Clinical and molecular features of the proband and relatives.
|Sex||Age||Ca2+ib||PTHc||PHPT||Kidney stones||Pituitary||Pancreas||Parathyroid||Size (cm)||Adrenal||Other||MEN1||CDC73||IHC|
|II:4a||M||62||NA||NA||Yes||Yes||No||Multiple PNET||Carcinoma, hyperplasia||7.3||Yes||Prostate||p.D418N||Neg||NP||NP|
|II:6||M||55||1.48||286||Yes||Yes||No||No||Carcinoma||4.6||Yes||Melanoma lipoma schwannoma||p.D418N||Neg||Pos||Pos|
a, proband; b, normal range: 1.12–1.32 mmol/L; c, normal range: 10–65 pg/mL.
IHC, immunohistochemistry; NA, not available; neg, negative; NP, Not Performed/Not Applicable; PHPT, primary hyperparathyroidism; PNET, pancreatic neuroendocrine tumor; pos, positive; PTH, parathyroid hormone.
After the identification of the MEN1 mutation, gastrointestinal echoendoscopy of the proband revealed multiple pancreatic neuroendocrine tumors (PNETs), <1 cm in diameter, while pituitary MRI was negative. In the brother (II-6), a right lesion close to the pharynx was identified during follow-up and removed: histopathological diagnosis was an ancient schwannoma.
Materials and methods
Informed consent was obtained from each patient or subject, and the study was conducted according to a protocol that was approved by the IRCCS Casa Sollievo della Sofferenza Hospital, Research Ethics Board.
DNA was extracted from peripheral blood and formalin-fixed-paraffin-embedded (FFPE) tissue, and MEN1 and CDC73 gene coding sequences were PCR amplified and directly sequenced (12, 17). Loss of heterozygosity (LOH) at the MEN1 locus (chr 11q13.1) was searched for as described previously (17). Lipoma tumoral tissue was not available.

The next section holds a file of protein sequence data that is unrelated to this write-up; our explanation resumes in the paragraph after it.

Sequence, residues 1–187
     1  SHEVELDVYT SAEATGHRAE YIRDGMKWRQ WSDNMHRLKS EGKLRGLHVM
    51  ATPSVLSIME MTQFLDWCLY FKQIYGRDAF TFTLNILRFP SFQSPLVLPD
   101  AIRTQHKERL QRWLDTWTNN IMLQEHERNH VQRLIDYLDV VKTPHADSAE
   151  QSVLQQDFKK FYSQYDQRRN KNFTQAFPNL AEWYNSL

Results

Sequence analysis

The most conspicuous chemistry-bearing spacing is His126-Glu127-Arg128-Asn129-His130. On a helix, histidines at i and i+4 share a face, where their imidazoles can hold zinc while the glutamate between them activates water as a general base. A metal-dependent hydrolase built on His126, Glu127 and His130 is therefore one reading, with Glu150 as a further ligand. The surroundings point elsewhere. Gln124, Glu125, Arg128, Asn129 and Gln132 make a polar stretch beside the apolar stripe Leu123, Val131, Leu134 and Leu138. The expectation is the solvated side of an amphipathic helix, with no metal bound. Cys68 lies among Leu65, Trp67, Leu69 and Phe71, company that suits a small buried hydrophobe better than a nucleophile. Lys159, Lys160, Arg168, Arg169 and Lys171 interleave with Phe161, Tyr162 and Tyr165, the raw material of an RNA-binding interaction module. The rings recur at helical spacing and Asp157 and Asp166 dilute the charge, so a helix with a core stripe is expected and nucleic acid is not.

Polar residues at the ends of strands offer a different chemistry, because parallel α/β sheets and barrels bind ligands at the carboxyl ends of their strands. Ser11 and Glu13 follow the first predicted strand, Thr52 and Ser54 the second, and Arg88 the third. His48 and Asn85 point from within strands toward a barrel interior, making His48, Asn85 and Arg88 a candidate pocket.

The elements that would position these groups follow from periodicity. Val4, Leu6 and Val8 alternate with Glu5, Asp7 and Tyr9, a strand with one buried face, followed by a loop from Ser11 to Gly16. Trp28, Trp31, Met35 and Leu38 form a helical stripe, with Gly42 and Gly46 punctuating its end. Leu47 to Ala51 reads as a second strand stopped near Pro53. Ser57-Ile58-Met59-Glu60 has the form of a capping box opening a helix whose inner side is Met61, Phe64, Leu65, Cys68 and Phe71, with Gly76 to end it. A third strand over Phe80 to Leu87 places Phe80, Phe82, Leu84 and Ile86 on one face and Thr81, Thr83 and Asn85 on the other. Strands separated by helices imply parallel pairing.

A search for CDC73 and MEN1 gene deletions was performed using the CytoScan HD array platform (Affymetrix) as described (18).
Four micron-thick tissue sections of FFPE parathyroid tumor tissues were rehydrated in pH 7.5 buffer and processed for staining. Antigen retrieval was performed by heating the slides in 0.01 M citrate buffer (pH 6.0) in a bath for 20 min at 97°C. After blocking endogenous peroxidase activity in 0.3% hydrogen peroxide and methanol solution for 15 min, tissue sections were stained either with primary monoclonal anti-menin antibody (clone B-9, sc-374371, 1:200 dilution) or anti-parafibromin antibody (clone 2H1, sc-33638, 1:200 dilution) (Santa Cruz Biotechnology) for 20 min.
Slides were then incubated with a commercially available detection kit (EnVision FLEX+, Dako) following the manufacturer’s instructions, developing peroxidase activity with 3-3′-diaminobenzidine. Finally, slides were counterstained with hematoxylin, dehydrated and mounted. Specificity of reactions was assessed by (i) replacing the primary antibody with an unrelated mouse immunoglobulin at a comparable dilution or (ii) using normal serum alone. Positive and negative controls were included.
No coding mutation (germline or somatic) or deletion of the CDC73 gene (1q31.2) was found. No deletion of the MEN1 gene (11q13.1) was found. A known MEN1 mutation in exon 9 (c.1252G>A – p.D418N) was identified in the proband (Fig. 1B; II-4) and confirmed in not only the affected brother and daughter (II-6 and III-1), but also in the normocalcemic nephew (III-2). The mutation was not found in the unaffected sister and brother (II-1 and II-3). No LOH at the MEN1 locus was detected in the tumor tissue of the affected brother (II-6).
Pathology and immunohistochemistry (IHC)
Hematoxylin and eosin (H&E)-stained sections of the parathyroid lesion of the brother (II-6) were reviewed according to World Health Organization classification criteria (19). Clear-cut capsular penetration with infiltration of the surrounding extra-glandular adipose tissue was observed. Necrosis was not seen (Fig. 2). By IHC, diffuse positivity of menin nuclear expression was observed (Fig. 3). Likewise, positivity for parafibromin nuclear expression was seen on separate tissue sections (data not shown).